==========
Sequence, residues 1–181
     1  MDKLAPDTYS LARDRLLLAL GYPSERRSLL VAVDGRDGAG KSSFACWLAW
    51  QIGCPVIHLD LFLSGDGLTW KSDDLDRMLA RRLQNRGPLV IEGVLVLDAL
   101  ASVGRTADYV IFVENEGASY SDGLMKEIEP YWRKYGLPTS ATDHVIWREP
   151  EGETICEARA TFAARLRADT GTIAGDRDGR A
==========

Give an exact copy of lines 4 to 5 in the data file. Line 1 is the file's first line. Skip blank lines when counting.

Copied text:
   101  ASVGRTADYV IFVENEGASY SDGLMKEIEP YWRKYGLPTS ATDHVIWREP
   151  EGETICEARA TFAARLRADT GTIAGDRDGR A